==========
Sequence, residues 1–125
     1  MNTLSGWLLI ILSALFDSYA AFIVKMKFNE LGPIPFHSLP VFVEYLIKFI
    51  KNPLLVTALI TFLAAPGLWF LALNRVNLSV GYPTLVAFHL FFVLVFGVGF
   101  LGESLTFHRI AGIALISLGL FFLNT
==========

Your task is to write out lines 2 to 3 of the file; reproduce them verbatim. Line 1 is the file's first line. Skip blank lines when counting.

     1  MNTLSGWLLI ILSALFDSYA AFIVKMKFNE LGPIPFHSLP VFVEYLIKFI
    51  KNPLLVTALI TFLAAPGLWF LALNRVNLSV GYPTLVAFHL FFVLVFGVGF